After the end of the Nez Perce War in the 1870s, many of the horses belonging to the Nez Perce were confiscated by the U.S. Army and sold off or killed. The Nez Perce people that survived the war were forced to settle in reservations and coerced to become farmers rather than horse breeders. They were allowed to keep few horses, and were forced by the authorities to mate their stallions with Quarter Horse mares to create horses deemed more suitable for agriculture.
The Nez Perce horse breeding program
In 1994, the Nez Perce tribe in Idaho started a horse breeding program with the idea of crossbreeding Appaloosa horses with a Central Asian breed called Akhal-Teke to produce a new breed: The Nez Perce Horse.
Based in Lapwai, Idaho, the program was, and is, aiming to help restore the traditional horse breeding culture of the Nez Perce.
The start of the Nez Perce horse breeding program was jointly financed by the Nez Perce tribe, the United States Department of Health and Human Services, and a nonprofit called The First Nations Development Institute.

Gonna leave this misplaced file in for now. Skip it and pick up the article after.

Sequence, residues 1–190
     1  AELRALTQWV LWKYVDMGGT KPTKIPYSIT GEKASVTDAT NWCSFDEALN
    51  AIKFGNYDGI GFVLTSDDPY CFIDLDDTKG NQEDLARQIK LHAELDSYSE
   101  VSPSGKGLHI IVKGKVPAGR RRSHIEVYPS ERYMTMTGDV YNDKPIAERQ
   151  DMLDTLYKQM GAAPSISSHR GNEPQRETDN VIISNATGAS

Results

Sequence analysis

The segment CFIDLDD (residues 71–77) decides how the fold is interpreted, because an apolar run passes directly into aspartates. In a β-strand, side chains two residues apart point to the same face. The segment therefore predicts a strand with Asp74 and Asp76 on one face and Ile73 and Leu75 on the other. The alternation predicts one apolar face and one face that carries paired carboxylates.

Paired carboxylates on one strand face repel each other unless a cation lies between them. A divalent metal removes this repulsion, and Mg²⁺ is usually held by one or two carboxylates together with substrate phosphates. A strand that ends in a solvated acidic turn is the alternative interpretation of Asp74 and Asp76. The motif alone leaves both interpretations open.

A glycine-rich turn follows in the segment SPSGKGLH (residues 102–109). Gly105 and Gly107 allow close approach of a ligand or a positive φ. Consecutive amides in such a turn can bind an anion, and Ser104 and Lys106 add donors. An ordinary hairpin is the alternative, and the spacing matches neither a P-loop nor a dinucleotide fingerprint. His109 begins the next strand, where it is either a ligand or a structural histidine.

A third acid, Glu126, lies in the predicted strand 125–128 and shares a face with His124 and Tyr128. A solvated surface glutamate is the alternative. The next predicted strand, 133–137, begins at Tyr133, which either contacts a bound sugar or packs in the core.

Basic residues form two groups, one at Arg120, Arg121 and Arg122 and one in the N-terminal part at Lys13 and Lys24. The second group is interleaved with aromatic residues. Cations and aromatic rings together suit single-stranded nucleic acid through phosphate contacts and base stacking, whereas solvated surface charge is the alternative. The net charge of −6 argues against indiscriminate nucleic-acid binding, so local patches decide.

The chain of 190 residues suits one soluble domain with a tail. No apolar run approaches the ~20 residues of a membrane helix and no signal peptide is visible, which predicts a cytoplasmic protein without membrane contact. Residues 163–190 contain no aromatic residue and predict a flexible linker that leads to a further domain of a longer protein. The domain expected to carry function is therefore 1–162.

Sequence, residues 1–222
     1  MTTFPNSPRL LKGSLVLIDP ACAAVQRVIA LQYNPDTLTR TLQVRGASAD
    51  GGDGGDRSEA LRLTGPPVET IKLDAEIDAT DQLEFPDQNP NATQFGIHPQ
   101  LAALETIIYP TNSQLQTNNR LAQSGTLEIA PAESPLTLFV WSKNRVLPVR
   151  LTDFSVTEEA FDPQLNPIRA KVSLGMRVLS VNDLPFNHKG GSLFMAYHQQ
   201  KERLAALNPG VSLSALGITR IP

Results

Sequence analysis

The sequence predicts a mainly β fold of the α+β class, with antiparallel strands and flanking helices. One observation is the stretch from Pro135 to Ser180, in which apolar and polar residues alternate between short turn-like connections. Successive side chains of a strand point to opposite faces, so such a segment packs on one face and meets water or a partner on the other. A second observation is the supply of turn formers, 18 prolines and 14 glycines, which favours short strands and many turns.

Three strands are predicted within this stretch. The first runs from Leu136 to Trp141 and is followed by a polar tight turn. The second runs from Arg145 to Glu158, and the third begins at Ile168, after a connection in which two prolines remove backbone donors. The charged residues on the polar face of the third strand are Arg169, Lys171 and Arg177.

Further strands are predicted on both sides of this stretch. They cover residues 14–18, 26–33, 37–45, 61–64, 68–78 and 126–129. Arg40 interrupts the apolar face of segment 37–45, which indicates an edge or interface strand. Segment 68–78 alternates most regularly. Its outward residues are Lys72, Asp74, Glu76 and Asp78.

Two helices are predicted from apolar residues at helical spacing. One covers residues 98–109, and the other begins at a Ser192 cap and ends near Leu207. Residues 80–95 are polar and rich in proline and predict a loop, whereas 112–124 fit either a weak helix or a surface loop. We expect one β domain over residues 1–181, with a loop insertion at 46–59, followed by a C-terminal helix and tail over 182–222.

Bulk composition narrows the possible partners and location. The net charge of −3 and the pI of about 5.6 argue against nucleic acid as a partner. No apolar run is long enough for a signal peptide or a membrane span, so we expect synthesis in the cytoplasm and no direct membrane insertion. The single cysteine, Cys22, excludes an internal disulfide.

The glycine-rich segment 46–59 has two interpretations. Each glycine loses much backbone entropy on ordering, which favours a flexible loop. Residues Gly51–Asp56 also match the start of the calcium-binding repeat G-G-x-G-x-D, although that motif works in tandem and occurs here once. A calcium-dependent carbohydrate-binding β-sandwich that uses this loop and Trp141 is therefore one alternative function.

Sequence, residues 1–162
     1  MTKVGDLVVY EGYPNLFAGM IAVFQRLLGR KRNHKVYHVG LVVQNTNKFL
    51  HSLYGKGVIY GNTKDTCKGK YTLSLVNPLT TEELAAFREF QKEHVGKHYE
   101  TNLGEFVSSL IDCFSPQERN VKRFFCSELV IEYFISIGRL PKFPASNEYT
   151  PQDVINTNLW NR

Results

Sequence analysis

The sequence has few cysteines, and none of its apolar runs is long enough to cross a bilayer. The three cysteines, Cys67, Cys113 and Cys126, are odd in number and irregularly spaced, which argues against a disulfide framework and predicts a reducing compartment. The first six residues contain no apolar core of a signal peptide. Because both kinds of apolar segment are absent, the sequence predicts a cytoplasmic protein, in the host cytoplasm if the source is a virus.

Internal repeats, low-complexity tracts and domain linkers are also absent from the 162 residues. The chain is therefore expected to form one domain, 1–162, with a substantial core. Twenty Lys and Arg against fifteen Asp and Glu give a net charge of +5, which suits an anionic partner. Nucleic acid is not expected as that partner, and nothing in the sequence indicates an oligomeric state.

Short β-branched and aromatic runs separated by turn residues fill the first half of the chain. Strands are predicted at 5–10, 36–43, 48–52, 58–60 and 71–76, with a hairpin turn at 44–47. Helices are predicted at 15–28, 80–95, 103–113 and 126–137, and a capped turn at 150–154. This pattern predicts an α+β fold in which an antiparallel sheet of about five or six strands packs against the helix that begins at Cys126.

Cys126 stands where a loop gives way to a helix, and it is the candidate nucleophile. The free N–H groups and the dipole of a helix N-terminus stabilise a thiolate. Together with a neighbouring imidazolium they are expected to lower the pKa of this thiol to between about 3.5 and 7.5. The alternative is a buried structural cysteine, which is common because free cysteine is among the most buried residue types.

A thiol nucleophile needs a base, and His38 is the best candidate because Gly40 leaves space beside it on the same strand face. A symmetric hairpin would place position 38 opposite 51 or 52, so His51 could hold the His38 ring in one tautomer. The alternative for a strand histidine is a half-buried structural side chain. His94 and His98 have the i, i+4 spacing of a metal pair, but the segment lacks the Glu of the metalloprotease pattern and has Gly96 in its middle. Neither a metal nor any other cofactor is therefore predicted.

The Nez Perce Horse
The Nez Perce Horse is a spotted horse breed derived from old-line Appaloosa (the Wallowa herd) and Central-Asians horse belonging to the Akhal-Teke breed.
The formal registry for these horses is the Nez Perce Horse Registry (NPHR).
A typical Nez Perce horse is buckskin or palmino, with Appaloosa characteristic such as mottled skin and a blanket and/or spotting.
Compared to the Quarter Horses that were bred into the Appaloosa breed from the 1870s and onward, the Nez Perce is a longer and leaner horse, with a longer back and more narrow shoulders. All in all, it is often described as looking like a “lean runner”.
The Nez Perce horse is a good long-distance horse, and many Nez Perce horse have performed admirably in endurance races. The Nez Perce horses are often gaited, with a fast and smooth running walk that makes them comfortable to ride.
Quite a few of the Nez Perce horses are also good jumpers.